I began designing the Dragon after I realized the Ranger was the last miniature paper airplane I specifically designed as a cruiser since early August 2011. When I realized the even older Cardinal was the last cruiser with a wing shape that was not constant chord, I decided the Dragon would have to differ from the Ranger in that way as well.
Eventually I chose a tapered, high aspect ratio wing for its good glide characteristics and higher efficiency. In flight testing though, the wing showed it needed larger vertical surfaces to accommodate it. As a result, the Dragon adopted the large tail of the Super Tomahawk before it. It flew excellently and proved itself more than worthy of an instructable of its own--and here it is!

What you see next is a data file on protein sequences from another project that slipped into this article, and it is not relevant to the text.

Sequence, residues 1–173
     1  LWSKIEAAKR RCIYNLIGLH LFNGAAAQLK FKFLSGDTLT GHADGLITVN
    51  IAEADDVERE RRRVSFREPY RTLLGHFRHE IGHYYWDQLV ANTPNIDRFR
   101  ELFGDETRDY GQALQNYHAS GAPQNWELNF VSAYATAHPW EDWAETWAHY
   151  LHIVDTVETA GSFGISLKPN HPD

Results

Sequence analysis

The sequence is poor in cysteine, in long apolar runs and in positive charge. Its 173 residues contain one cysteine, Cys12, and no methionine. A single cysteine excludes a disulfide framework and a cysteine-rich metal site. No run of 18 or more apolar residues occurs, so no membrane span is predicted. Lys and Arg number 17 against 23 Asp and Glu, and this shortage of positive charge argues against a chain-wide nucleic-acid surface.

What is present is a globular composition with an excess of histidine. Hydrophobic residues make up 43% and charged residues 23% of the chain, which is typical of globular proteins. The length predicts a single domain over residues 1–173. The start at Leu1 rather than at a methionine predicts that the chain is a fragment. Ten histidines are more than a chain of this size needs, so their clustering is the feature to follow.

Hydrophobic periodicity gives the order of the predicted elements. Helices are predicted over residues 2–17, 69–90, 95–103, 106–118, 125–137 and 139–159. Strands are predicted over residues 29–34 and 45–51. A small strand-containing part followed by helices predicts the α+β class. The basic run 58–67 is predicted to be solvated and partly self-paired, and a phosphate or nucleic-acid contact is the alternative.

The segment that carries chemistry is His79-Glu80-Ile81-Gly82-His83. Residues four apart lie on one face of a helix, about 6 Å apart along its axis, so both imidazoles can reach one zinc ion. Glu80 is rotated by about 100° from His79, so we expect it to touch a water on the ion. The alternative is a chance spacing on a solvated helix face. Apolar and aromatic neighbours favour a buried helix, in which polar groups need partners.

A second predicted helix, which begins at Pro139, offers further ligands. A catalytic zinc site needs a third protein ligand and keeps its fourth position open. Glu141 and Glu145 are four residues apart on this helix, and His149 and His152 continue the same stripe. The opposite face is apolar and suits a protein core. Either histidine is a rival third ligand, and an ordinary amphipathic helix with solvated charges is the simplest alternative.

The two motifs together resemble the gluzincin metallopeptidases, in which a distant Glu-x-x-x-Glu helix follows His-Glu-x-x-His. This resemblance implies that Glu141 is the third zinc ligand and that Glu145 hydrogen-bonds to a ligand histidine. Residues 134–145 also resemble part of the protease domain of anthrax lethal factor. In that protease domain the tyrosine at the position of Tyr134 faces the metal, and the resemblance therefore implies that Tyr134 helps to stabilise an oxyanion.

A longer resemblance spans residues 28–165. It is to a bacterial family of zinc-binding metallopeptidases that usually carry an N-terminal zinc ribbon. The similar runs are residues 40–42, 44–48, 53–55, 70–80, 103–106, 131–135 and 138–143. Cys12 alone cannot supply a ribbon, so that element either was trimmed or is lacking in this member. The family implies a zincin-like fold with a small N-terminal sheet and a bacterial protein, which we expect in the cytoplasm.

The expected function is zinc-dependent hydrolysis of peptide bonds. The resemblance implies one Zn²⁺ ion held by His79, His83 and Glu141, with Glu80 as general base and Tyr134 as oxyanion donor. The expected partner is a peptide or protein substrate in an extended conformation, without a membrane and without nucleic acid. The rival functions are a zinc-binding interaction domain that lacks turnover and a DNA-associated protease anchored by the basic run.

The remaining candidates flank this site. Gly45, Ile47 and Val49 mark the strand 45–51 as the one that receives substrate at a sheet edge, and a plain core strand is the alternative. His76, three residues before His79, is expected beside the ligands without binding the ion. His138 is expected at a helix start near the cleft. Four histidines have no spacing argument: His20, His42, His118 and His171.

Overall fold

Some potential experiments possible with this airframe include:
•Weight and balance
•Hangtime versus other aircraft
TAA USAF Designation: D181-1
Step 1: Materials
1 Piece of 8 by 10 inch graph paper
Step 2: Begin Construction
After the fuselage is made, take another sheet of paper that is folded in half along the lines of boxes. Mark out the wing as shown (3 boxes in length at the fuselage, with chord decaying 1 box every 8 boxes outwards and 8 boxes in width).
Solid lines indicate places to cut. Dotted lines indicate fold lines.
Note: 1 box = 0.25 inches